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Just prior to the 5 November every year, children standing eagerly next to an effigy of Guy Fawkes sat in the garden wheelbarrow used to be a common sight. 

If they were not too shy - and they generally were not - they would usually run at you with open palms asking '..penny for the guy…' in a hope to secure coinage to put towards a handful of cheap fireworks.

An effigey of Guy Fawkes is still burned on bonfires across England in recognition of his part in the failed 'Gunpowder Plot' of 1605, but it turns out that Fawkes didn't devise or lead the plot to assassinate James I. 

So why is he still singled out as one of British history's greatest villains more than 400 years after his death?

Guy Fawkes was born in April 1570 in York. Although his immediate family were all Protestants - the accepted religious practice in England at the time - his maternal grandparents were Catholics, who refused to attend Protestant services.

Guy's father died when he was eight, and his widowed mother was re-married to a Catholic, Dionis Baynbrigge. It was these early influences that were to forge Fawkes' convictions as an adult.

Guy Fawkes and Spain

By the time he was 21 Fawks had sold the estate his father had left him and left for Europe to fight for Catholic Spain against the Protestant Dutch republic in the Eighty Years War. His military career went well and by 1603 he had been recommended for a captaincy. He strangely also adopted the Italian variant of his name, and became known as 'Guido'.

In the same year, he travelled to Spain to petition the king, Philip III, for support in fomenting a rebellion in England against the "heretic" James I. 

Despite the fact that Spain and Britain were still, technically, at war, Philip refused. "A man highly skilled in matters of war"

Personally, Fawkes was an imposing man. His former school friend Oswald Tesimond, who had become a Jesuit Catholic priest, described him as "pleasant of approach and cheerful of manner, opposed to quarrels and strife ... loyal to his friends".

Tesimond also claimed Fawkes was "a man highly skilled in matters of war", while the historian Antonia Fraser described him as "a tall, powerfully built man, with thick reddish-brown hair, a flowing moustache in the tradition of the time, and a bushy reddish-brown beard... a man of action ... capable of intelligent argument as well as physical endurance, somewhat to the surprise of his enemies."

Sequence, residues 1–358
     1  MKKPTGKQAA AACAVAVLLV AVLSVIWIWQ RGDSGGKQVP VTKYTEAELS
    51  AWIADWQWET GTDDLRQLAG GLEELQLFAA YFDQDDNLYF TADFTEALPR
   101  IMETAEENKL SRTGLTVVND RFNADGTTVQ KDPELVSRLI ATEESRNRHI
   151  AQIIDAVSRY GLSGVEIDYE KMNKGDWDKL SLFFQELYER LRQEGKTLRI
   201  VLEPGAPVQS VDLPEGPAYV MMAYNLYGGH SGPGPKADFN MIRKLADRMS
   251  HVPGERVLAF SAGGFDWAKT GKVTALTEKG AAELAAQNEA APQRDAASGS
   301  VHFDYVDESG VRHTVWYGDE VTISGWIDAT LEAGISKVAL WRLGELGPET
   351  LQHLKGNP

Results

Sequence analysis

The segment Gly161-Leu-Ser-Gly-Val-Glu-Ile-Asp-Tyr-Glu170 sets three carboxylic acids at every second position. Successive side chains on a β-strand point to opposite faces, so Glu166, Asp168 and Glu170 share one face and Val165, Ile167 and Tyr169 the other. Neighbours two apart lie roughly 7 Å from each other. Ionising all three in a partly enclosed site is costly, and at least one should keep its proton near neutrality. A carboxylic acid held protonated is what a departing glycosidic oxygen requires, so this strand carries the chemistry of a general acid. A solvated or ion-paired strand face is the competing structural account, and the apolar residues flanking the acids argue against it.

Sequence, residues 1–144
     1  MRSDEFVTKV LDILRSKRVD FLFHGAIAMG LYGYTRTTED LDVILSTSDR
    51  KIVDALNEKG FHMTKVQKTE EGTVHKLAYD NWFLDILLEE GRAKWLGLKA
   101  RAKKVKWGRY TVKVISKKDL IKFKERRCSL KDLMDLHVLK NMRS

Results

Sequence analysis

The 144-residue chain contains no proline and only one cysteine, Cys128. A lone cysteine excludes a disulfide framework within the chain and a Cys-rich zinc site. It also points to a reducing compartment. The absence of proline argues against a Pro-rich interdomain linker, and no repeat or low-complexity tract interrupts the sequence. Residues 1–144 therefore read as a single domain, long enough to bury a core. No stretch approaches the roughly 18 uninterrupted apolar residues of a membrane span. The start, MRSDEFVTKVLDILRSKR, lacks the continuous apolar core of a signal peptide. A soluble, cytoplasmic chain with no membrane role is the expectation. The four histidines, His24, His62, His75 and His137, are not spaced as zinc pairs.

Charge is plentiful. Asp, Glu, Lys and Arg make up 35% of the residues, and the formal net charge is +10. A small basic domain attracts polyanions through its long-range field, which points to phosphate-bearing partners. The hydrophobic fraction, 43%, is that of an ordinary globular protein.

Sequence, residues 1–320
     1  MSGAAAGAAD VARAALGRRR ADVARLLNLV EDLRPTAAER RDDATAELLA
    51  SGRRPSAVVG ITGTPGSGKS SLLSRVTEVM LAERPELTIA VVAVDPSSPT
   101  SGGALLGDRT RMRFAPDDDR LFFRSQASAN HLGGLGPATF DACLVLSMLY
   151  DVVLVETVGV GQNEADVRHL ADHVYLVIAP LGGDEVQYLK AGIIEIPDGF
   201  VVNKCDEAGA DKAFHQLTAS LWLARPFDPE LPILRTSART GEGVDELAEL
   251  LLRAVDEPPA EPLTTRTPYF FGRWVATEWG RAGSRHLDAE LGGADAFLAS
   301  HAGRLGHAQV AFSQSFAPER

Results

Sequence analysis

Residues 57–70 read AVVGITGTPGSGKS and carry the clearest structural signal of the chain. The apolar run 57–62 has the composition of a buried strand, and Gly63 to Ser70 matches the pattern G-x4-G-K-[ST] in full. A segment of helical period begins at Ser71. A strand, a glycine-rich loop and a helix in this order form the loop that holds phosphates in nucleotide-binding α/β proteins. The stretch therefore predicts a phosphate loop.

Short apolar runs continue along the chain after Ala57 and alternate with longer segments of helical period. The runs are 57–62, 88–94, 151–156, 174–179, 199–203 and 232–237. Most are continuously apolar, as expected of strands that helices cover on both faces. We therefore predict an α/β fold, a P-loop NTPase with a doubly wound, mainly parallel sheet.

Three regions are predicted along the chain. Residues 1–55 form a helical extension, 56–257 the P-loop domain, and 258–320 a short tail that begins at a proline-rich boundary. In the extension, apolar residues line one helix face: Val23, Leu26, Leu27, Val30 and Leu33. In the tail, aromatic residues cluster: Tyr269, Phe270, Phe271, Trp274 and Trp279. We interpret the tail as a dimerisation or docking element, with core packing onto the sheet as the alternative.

Fawkes is drawn into the plot It was while on campaign fighting for Spain in Flanders that Fawkes was approached by Thomas Wintour and asked to join what would become known as the Gunpowder Plot, under the leadership of Robert Catesby.

His expertise with gunpowder gave him a key - and very perilous - role in the conspiracy. Fawkes was to source and ignite the explosive. But 18 months of careful planning was foiled with just hours to go, when he was arrested at midnight on 4 November 1605 beneath the House of Lords. 

Thirty-six barrels of gunpowder were found stacked in the cellar directly below where the king would have been sitting for the opening of parliament the next day.

The foiling of the plot had been expertly engineered by James I's spymaster, Robert Cecil. Fawkes was subjected to various tortures, including the rack. Torture was technically illegal, and James I was personally required to give a licence for Fawkes to endure its ravages.

While just the threat of torture was enough to break the resolve of many, Fawkes withstood two days of the most terrible pain before he confessed all. 

Famously, his signature on his confession was that of a shattered and broken man, the ill-formed letters that spelled his name told the story of a someone who was barely able to hold a quill. His fortitude throughout had impressed James I, who said he admired Fawkes' "Roman resolution".

Fawkes was sentenced to the traditional traitors' death of being 'hanged, drawn and quartered'. However, just before his time came, Guy Fawkes jumped from the gallows, breaking his own neck thereby avoiding the horror of being cut down while still alive, having his testicles cut off and his stomach opened and his guts spilled before his eyes. His lifeless body was hacked into quarters and his remains sent to "the four corners of the kingdom" as a warning to others.

The burning of the 'guy'

Guy Fawkes instantly became a national bogeyman and the embodiment of Catholic extremism. It was a propaganda coup for the Protestant English and served as a pretext for further repression of Catholics that would not be completely lifted for another 200 years.

It is perhaps surprising that Fawkes and not the charismatic ring-leader Robert Catesby was remembered, but it was Fawkes who was caught red-handed under the Houses of Parliament, it was Fawkes who refused to speak under torture, and it was Fawkes who was publicly executed. Catesby, by contrast, was killed evading capture and was never tried.

Through the centuries the Guy Fawkes legend has become ever-more entrenched, and by the 19th Century it was his likeness that was being placed on the bonfires that were lit annually to commemorate the failure of the plot.

For related articles click onto:
LONDON: Buckingham Palace
LONDON: Cleopatra's Needle
LONDON: The Houses of Parliament
LONDON: The London Eye
LONDON: The Tower of London
LONDON: Who was Guy Fawkes?
ENGLAND: Hever Castle
ENGLAND: Knole House - the Ghosts!
ENGLAND: Sissinghurst
ENGLAND: What is the Eden project?
ENGLAND: What is Stonehenge?
ENGLAND: Where is Stonehenge?

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